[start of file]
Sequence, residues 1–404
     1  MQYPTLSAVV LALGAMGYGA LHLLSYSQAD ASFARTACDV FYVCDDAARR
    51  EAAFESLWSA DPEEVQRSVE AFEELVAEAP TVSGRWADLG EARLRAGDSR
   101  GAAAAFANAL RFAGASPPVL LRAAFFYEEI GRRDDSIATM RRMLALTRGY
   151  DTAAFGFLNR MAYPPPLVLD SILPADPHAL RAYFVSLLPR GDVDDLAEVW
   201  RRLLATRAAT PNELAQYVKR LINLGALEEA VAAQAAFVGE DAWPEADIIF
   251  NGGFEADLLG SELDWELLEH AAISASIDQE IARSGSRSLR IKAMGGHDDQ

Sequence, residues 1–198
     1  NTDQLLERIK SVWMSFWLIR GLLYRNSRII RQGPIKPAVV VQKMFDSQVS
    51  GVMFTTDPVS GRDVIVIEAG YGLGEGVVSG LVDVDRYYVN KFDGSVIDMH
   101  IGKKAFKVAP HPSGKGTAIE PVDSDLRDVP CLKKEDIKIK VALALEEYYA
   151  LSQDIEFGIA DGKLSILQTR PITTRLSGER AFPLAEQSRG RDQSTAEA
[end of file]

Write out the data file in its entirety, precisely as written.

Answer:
Sequence, residues 1–404
     1  MQYPTLSAVV LALGAMGYGA LHLLSYSQAD ASFARTACDV FYVCDDAARR
    51  EAAFESLWSA DPEEVQRSVE AFEELVAEAP TVSGRWADLG EARLRAGDSR
   101  GAAAAFANAL RFAGASPPVL LRAAFFYEEI GRRDDSIATM RRMLALTRGY
   151  DTAAFGFLNR MAYPPPLVLD SILPADPHAL RAYFVSLLPR GDVDDLAEVW
   201  RRLLATRAAT PNELAQYVKR LINLGALEEA VAAQAAFVGE DAWPEADIIF
   251  NGGFEADLLG SELDWELLEH AAISASIDQE IARSGSRSLR IKAMGGHDDQ

Sequence, residues 1–198
     1  NTDQLLERIK SVWMSFWLIR GLLYRNSRII RQGPIKPAVV VQKMFDSQVS
    51  GVMFTTDPVS GRDVIVIEAG YGLGEGVVSG LVDVDRYYVN KFDGSVIDMH
   101  IGKKAFKVAP HPSGKGTAIE PVDSDLRDVP CLKKEDIKIK VALALEEYYA
   151  LSQDIEFGIA DGKLSILQTR PITTRLSGER AFPLAEQSRG RDQSTAEA